It's no secret that we've got a serious case of animal overpopulation in this country. And though more people are starting to understand the necessity of spaying and neutering, dogs and cats are continuing to procreate like…well, rabbits. Shelters across the nation are continually dealing with over-capacity, and not only is it taxing their resources and staff, it's making it increasingly difficult for no-kill shelters to save as many animals as they'd like.
So what can you do? While the possibility of adopting another pet may not be in the cards for you right now, becoming a foster parent is an excellent (and unbelievably rewarding) way to keep the population of unwanted and stray animals down, decrease euthanasia rates, and increase adoption rates. It better prepares your foster pet to be the perfect new addition for another family—teach an animal how to love and they will share it with others (and with you!) tenfold.
Think you've got what it takes? Here's the 411:
Is fostering right for you?
To help decide if fostering is right for you, first consider how much time, energy, and money you can devote to caring for the pet(s) you'll bring into your home. Take an inventory of your living area—it's important to know if you have enough space for more animals in your home because even dog bowls take up room. Also, keep in mind how easy it is to get attached to pets. While many animal agencies would love to have foster parents keep the animals they've taken in, some strongly discourage foster parents from adopting the pets. Make sure you understand the rules and limitations associated with fostering before taking on the commitment.
Related: Why you should adopt a less-adoptable pet
How to become a foster
Shelters are always looking for volunteers who want to go the extra mile by fostering animals in their home, and some animal welfare organizations don't have a kennel space and rely solely on fosters. If you have a shelter you're interested in working with, contact them and ask if they have a foster program. There are plenty of shelters in your local area to contact. You'll likely need to go in for an interview, and the shelter will probably send somebody to check out your home and make sure it's suitable. In addition, lots of shelters also require to complete a foster orientation program.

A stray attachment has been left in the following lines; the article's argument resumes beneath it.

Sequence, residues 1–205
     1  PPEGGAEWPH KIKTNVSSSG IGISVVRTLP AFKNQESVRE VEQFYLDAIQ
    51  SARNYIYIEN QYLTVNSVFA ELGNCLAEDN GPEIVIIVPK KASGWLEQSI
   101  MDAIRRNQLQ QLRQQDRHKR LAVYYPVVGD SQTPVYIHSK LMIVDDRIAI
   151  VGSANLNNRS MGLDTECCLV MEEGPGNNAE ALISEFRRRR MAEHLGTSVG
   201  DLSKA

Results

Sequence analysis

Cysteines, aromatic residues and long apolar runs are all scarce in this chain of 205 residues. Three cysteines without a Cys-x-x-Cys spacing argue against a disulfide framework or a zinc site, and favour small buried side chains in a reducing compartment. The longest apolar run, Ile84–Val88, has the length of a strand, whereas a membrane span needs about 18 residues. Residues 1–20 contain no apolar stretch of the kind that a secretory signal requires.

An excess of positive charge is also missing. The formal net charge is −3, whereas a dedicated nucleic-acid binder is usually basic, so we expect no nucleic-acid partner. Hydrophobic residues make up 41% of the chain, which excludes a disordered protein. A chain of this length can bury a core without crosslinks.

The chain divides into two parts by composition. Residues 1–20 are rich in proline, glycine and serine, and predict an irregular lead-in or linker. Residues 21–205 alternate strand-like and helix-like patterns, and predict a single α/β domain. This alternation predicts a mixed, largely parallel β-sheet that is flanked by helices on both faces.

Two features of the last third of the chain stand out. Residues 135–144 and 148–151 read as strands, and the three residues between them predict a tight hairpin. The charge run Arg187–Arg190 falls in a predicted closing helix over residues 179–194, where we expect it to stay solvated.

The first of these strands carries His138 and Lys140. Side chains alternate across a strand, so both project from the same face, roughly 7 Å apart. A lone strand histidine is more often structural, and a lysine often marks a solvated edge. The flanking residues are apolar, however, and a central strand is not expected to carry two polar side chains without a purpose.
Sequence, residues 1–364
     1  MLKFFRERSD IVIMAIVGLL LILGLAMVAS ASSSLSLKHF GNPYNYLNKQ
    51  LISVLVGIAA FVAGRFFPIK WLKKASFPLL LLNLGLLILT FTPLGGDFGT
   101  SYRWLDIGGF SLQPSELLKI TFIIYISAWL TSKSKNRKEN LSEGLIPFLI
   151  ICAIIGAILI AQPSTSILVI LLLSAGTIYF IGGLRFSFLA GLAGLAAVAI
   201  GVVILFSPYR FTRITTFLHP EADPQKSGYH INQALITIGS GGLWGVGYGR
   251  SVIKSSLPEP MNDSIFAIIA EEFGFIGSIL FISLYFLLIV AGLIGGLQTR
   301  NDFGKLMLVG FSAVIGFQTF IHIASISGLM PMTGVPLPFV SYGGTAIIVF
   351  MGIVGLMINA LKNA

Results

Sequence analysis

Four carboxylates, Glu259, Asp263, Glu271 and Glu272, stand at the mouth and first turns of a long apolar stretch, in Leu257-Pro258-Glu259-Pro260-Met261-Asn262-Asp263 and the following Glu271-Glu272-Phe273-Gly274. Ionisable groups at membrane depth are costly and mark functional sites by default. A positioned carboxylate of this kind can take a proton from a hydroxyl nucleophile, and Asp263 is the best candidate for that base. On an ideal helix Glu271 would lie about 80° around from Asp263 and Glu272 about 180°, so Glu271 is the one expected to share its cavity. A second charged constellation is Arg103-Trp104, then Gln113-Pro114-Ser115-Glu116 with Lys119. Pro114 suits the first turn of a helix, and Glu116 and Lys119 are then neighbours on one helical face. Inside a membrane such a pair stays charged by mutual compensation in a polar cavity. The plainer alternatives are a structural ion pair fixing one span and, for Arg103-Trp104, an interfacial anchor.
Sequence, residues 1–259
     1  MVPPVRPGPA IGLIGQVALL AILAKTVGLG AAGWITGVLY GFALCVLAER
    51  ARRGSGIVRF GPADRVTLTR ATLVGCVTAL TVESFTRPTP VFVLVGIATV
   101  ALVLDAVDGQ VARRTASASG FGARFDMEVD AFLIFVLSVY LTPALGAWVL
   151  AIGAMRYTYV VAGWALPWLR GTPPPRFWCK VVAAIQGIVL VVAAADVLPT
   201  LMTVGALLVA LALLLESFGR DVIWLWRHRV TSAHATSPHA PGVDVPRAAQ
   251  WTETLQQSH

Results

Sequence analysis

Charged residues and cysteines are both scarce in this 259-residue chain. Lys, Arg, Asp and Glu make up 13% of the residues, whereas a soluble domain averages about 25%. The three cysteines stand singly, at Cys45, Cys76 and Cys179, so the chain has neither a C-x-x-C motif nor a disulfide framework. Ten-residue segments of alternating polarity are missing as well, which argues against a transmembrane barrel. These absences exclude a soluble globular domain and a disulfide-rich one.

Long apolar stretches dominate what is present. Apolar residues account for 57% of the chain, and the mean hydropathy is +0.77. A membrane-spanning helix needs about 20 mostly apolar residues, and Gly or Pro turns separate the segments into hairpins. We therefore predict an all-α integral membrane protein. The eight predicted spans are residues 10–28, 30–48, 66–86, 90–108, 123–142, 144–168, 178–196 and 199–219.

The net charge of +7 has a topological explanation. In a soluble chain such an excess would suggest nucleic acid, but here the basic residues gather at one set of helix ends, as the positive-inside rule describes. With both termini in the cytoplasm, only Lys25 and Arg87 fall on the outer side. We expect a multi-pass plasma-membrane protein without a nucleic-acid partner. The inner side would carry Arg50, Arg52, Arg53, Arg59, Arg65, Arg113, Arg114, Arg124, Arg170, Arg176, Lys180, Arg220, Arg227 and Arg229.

Understand the costs
Many shelters will provide the basics you'll need—such as a pet bed, food, and some toys. They'll also cover any medical costs you incur while the animal is in your care. If you have a tendency to spoil your pets though (and really, who doesn't!), do know that extra out-of-pocket expenses you pay will not necessarily be reimbursed. If you're concerned, talk to the shelter before making any purchases. Otherwise, consider any extras you purchase a donation and accept payment in the form of waggy tails, purrs, and happy kisses!
Understand the risks
The vast majority of the unadopted dogs will be pit bulls or some kind of pit mix, and while they may be friendly toward humans, they can attempt to kill other small animals. A history of dangerous behavior is often why they got dumped in the first place. Read more about this in 6 important questions to ask the animal shelter before adopting their puppy.
Saying goodbye is ruff
When it's time for your foster pet to go to their fur-ever home, chances are it will be a little tough for you. If the shelter and new family are okay with it, get all the appropriate contact information and arrange for a future play date or for occasional photo updates. Sure, you'll be sad, but you'll also get the enormous gift of knowing you saved a life. The rewards are worth the difficult goodbyes.
Have you ever been a pet foster parent? Share your experience in the comments.
I had a cute little mixed puppy show up in my country yard. None of the neighbors claimed him. 2 weeks later, I got him into a shelter. Now I’m bawling like a baby. I attached and it hurts.
I'd end up adopting all of them!
Great ideas, but think the animal and person would become to attached, which would be sad for both person and animal.
With fostering you would become too attached to them and not let them go, I know I would, thank you for sharing
I fostered a female bulldog mix found wandering the streets in a rough part of town, who had health issues. I instantly fell in love with her (in spite of the snoring-bulldogs are whoppers) and I was very sorry to have to let her go. But she went to a nicer home so I was OK with it. I adopted another dog from the same shelter so am not lonely, but still think about 'Jackie' to this day. What a great dog!
Moral: Bulldogs are great! Love-at-first sight is great!